"During that summer the channel broadcast one of the most beautiful documentaries it has ever funded." -- Me, below.

TV I've been meaning to mention this for at least five days. Off The Telly have updated their Channel 4 at 20 article to include the next five years. It's amazing how much the channel has changed even in the past couple of years. Goodness I miss RI:SE. At least it was unpredictable and you had something to shout at for its ineptitude in the morning. I was asked to contribute and my memorial for a very odd but lovely documentary has been posted in 2003. It had to be edited for space and so just as a special treat for you loyal reader, here is the writer's cut:

Alt.TV: The Is A True Story, 2003

Channel 4 for me has always worked best at the margins. At the edges of the property shows, dating games, imports, landmark dramas, chat shows and sitcoms, those quiet moments of magic which throw light on some unheralded part of life or the world. Their Alt TV strand, broadcast in 2003, like the later Three Minute Wonder does exactly that and some time during that summer the channel broadcast one of the most beautiful documentaries it has ever funded.

This Is A True Story was seeded on an excellent premise. The filmmakers led by Paul Berczeller wanted to investigate an urban myth surrounding the death of a young Japanese woman in North Dakota. So the story went, after watching the Coen Brother’s Oscar winning film Fargo, Takako Konishi had travelled to the state capital, Bismarck, searching for the unclaimed money which had been buried by Steve Buscemi’s character in the film (which had been shot in and around the town, called Brainerd on screen).

The town police (who had been called after Takoko had been seen wondering in the snowy wilderness just outside town) said she’d even had a map pointing out the spot where the money could be found and regardless of the protestations of the town’s people that the film was a fiction, and despite what the Coens had mischievously written in the opening caption card of the film (giving this documentary its title). Sadly, she was later found dead in some woods across the state line in Minnesota.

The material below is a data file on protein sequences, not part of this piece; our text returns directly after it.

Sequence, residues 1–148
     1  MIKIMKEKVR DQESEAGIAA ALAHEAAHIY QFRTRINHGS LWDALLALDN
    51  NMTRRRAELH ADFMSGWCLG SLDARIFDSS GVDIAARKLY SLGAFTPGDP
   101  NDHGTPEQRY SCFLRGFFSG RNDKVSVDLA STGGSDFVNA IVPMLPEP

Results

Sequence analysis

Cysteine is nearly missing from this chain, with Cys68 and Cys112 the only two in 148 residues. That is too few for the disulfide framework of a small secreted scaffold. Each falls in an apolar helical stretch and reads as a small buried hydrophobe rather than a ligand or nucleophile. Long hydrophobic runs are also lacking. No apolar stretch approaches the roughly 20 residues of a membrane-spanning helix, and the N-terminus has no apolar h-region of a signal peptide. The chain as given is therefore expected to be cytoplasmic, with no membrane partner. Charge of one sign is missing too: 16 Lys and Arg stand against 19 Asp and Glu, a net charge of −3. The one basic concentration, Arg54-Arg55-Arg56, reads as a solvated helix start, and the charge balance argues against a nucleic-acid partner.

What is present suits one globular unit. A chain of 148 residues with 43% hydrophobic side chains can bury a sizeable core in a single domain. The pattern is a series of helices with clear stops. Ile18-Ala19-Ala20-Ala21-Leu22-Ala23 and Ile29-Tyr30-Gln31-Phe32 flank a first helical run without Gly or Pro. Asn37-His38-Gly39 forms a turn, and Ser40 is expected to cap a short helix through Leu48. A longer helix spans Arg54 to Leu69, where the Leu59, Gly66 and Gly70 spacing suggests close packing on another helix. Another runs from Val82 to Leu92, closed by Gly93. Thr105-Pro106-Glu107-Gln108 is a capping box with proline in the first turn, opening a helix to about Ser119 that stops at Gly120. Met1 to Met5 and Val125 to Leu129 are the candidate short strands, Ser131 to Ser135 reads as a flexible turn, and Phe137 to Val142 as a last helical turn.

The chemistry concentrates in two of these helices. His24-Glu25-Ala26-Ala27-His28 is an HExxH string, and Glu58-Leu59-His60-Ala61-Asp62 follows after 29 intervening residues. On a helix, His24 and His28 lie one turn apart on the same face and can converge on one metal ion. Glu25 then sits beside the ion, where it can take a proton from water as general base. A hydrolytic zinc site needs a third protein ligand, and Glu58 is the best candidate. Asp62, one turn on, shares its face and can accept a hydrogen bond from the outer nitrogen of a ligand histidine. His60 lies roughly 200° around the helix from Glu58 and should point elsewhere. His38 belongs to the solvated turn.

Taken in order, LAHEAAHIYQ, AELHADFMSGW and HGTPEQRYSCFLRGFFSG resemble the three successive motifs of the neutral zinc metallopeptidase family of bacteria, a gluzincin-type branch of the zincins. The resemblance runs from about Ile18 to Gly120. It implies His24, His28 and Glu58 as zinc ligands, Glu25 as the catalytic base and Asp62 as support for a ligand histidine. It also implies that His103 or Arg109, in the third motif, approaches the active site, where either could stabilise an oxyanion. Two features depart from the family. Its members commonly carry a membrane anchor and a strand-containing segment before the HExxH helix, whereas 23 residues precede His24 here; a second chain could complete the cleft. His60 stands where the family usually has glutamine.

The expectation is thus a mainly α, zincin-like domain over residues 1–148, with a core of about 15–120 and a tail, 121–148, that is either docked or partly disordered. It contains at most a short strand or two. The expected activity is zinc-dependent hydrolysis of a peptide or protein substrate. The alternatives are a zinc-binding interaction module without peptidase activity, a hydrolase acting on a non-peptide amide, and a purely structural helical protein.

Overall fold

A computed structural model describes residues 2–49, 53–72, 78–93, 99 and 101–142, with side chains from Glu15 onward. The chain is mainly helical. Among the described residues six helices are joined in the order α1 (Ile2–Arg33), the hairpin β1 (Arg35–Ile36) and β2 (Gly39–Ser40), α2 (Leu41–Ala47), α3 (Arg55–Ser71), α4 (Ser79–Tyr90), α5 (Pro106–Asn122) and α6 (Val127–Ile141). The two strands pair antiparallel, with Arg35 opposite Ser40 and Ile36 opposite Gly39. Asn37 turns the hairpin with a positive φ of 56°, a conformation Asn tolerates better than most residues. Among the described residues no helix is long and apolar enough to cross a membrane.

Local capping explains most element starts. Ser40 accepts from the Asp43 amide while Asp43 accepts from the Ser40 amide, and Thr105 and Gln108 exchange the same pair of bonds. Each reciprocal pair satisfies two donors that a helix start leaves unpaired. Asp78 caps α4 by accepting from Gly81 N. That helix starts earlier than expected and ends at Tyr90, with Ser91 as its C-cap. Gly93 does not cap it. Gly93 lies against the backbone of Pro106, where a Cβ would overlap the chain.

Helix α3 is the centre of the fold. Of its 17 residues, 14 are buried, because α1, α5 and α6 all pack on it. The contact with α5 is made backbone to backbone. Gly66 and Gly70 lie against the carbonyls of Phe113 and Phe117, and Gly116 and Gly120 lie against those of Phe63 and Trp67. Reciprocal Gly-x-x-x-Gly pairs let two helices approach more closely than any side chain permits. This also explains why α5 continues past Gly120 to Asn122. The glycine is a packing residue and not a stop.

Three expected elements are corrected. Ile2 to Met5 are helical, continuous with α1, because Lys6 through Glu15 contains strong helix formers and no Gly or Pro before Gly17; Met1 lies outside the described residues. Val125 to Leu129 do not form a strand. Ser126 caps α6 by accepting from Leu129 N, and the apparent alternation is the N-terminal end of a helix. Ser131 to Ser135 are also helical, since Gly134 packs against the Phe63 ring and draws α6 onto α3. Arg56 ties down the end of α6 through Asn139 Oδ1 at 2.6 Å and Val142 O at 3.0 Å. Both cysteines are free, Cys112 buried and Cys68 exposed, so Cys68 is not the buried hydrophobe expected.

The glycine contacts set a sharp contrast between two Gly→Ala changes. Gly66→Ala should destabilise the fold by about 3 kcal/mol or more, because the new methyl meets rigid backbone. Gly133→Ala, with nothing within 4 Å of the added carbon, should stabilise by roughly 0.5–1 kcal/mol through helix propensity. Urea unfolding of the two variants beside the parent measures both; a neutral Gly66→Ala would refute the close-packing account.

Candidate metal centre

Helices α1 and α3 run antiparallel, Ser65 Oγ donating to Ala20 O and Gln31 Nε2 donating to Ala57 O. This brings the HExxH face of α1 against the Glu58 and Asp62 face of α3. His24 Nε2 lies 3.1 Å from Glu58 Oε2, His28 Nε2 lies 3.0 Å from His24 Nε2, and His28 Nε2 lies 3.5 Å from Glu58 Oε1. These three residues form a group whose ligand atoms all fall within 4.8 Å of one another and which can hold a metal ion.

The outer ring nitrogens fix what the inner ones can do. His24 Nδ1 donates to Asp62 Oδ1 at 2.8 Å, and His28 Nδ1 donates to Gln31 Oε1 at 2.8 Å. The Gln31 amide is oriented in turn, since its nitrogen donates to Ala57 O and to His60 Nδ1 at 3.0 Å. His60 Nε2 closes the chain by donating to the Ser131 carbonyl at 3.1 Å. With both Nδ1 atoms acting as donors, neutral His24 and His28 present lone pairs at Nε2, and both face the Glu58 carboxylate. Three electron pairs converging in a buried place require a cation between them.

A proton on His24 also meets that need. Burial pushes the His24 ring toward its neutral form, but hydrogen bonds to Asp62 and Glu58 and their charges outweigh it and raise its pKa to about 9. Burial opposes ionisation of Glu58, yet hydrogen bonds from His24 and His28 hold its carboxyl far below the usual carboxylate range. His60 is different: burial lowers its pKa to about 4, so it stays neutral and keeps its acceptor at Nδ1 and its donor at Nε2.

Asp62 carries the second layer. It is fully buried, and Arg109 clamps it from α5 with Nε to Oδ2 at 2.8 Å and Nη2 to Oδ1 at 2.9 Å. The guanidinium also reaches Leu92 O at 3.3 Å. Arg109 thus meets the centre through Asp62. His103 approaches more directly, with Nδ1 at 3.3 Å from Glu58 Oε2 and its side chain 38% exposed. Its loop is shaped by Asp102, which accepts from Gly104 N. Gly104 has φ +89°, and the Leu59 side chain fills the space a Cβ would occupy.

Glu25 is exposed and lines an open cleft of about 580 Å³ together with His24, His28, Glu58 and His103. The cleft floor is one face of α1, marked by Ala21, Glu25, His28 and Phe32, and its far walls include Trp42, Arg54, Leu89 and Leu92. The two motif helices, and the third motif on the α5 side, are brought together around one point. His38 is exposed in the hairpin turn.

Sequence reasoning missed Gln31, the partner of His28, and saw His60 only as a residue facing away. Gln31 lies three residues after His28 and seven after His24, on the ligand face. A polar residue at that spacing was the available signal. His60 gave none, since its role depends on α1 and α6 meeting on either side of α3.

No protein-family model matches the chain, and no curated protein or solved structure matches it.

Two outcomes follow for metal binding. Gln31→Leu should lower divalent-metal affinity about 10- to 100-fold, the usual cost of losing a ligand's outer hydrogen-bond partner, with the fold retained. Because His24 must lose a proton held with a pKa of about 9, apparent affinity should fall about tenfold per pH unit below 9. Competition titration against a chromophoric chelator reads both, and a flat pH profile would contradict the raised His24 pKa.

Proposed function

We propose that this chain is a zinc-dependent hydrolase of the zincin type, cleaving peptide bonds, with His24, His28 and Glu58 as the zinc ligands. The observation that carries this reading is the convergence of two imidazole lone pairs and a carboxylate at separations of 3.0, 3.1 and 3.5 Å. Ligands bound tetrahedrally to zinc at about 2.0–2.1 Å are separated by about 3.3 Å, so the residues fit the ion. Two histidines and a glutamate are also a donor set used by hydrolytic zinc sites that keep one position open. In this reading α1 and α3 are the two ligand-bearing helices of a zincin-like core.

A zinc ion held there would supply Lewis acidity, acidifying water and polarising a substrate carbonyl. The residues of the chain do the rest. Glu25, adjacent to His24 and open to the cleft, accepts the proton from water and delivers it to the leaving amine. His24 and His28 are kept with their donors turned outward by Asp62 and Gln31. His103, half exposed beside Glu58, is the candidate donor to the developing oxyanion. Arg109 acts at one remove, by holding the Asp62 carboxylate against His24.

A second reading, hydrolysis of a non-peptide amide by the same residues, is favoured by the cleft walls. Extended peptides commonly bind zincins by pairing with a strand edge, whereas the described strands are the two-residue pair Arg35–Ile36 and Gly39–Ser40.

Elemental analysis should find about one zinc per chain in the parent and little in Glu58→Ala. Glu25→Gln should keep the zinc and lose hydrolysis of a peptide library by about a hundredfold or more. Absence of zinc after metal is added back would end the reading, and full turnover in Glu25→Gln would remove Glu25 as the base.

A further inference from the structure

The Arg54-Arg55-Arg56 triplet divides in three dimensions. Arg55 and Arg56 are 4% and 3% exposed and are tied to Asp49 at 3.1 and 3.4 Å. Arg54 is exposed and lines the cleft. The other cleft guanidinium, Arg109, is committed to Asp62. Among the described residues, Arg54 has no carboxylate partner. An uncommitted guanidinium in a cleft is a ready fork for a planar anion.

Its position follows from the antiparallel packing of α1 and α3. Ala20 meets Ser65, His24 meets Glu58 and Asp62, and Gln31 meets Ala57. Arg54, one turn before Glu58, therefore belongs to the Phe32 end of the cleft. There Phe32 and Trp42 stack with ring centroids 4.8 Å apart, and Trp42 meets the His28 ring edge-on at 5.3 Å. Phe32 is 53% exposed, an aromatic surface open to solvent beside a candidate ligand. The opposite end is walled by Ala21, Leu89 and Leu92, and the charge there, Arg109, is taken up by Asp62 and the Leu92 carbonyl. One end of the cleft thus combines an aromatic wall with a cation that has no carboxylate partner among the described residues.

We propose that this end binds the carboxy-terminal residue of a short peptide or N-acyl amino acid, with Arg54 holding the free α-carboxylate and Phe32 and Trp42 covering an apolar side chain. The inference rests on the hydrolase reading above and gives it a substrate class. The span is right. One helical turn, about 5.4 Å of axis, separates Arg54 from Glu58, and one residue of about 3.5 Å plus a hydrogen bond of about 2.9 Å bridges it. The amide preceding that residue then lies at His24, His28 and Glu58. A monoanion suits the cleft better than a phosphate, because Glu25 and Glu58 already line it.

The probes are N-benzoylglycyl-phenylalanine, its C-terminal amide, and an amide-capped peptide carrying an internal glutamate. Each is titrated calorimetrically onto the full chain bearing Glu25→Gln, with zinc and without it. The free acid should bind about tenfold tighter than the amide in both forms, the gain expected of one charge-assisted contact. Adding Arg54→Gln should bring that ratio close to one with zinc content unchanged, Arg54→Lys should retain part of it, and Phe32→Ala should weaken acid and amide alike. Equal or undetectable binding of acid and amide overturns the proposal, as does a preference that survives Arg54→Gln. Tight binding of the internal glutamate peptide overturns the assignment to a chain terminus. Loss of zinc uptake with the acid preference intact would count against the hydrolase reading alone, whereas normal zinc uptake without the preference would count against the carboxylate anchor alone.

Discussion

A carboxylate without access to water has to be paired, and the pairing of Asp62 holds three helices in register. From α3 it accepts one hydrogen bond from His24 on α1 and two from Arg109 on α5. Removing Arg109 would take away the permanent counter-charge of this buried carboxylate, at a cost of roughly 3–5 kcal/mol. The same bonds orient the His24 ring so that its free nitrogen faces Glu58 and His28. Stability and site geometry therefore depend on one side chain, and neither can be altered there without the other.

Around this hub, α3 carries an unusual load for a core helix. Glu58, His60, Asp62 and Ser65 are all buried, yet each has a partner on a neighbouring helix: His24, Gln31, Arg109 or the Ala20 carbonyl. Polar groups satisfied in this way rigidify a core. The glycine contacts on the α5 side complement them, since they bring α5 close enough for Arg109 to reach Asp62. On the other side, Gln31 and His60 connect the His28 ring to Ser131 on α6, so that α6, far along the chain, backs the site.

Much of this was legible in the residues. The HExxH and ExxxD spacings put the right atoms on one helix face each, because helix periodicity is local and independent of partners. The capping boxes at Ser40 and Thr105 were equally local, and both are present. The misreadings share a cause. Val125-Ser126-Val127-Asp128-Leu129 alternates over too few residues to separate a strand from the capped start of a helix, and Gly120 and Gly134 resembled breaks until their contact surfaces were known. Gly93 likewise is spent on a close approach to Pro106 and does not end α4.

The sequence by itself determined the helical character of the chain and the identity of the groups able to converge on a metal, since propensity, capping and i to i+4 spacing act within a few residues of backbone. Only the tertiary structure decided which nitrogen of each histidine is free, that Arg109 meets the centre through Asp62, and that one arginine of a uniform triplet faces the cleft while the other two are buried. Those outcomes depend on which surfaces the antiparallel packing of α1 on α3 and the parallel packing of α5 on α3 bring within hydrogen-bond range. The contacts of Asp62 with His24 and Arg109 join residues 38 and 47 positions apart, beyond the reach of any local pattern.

The resulting documentary does contain all of the elements that can be found in more lurid examples; there were head and shoulder interviews and reconstructions of Takako’s movements and a voice over filling in the narrative blanks. Except that in reconstructing the final days of this mysterious girl, Berczeller was inspired by La Jetée, Chris Marker’s 1964 film about time travel (later remade by Terry Gilliam as Twelve Monkeys) which told its story entirely in still frames. He took a music promoter, Mimi, who had more than passing resemblance to the student and had her stand in the same wintry landscape as the dead girl and in photographs with the very townspeople who had originally interacted with Takoko.

This meant that the documentary was filled with a range of atmospheric and importantly memorable images, this confused girl standing in hotel lobbies and streets and eventually woods unable to communicate well with the people surrounding her and them with her. In choosing photography over film, Berczeller created an eerie sense of really being there, following the original girl on her path of uncertain doom; the music too eskewed melodrama in favour of mellow tones so that when the inevitable moment when the Takoko’s death scene was recreated it was heartbreaking but not in a cloying way.

Arguably the piece blurred the line between television documentary and video art but as this thorough article from the filmmaker written for The Guardian at the time underlines he was not interested in simply producing a representation of the original urban myth. This was an investigation into what psychologically led this girl to travel to the US chasing this money, both by Berczeller and Mimi, who empathised with Takoko’s plight. As well as providing haunting images this was as solid a piece of 'journalism' as anything you might find in primetime or with three times the duration on the big screen.

As the film revealed, in fact, sadly her interest in Fargo was just part of the miscommunication. She’d used a word similar to the indie film whilst talking to the police who’d put two and two together and made five – that version of her story had been perpetuated by the press. The truth was that she’d originally visited Minnesota with a boyfriend, an American businessman who’d later broken up with her, and unable to cope she’d revisited one of the places of their happiest times together. The final phone call she made from her hotel in Bismarck was to him, and she’d posted a suicide note to her family in those same few days. Some might say though that the truth, flying halfway across the world to die in one of the only places she was truly happy with her ex-boyfriend is the kind of grand romantic gesture you only find in myths.

But, in revealing the truth behind this urban myth, the film gave Takoko back her dignity, something which the best documentarians should be capable of. It’s a cheap shot, but recently we’ve become rather obsessed with watercooler moments, people on television becoming punch lines passed across bar room tables, on blogs or by email, and this was the antithesis of that, taking one of those kinds of stories and revealing that beneath it all there was a once happy girl who was handed one of life’s knocks, and couldn't cope. I can't imagine there are many of us who haven't felt the same way.

No comments:

Post a comment